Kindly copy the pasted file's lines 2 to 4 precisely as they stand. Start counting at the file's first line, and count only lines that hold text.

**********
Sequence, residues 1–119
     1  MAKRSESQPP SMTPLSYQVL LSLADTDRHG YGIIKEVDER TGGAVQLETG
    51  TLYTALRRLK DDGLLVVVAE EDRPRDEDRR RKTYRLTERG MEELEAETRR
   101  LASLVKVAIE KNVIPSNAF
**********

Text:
     1  MAKRSESQPP SMTPLSYQVL LSLADTDRHG YGIIKEVDER TGGAVQLETG
    51  TLYTALRRLK DDGLLVVVAE EDRPRDEDRR RKTYRLTERG MEELEAETRR
   101  LASLVKVAIE KNVIPSNAF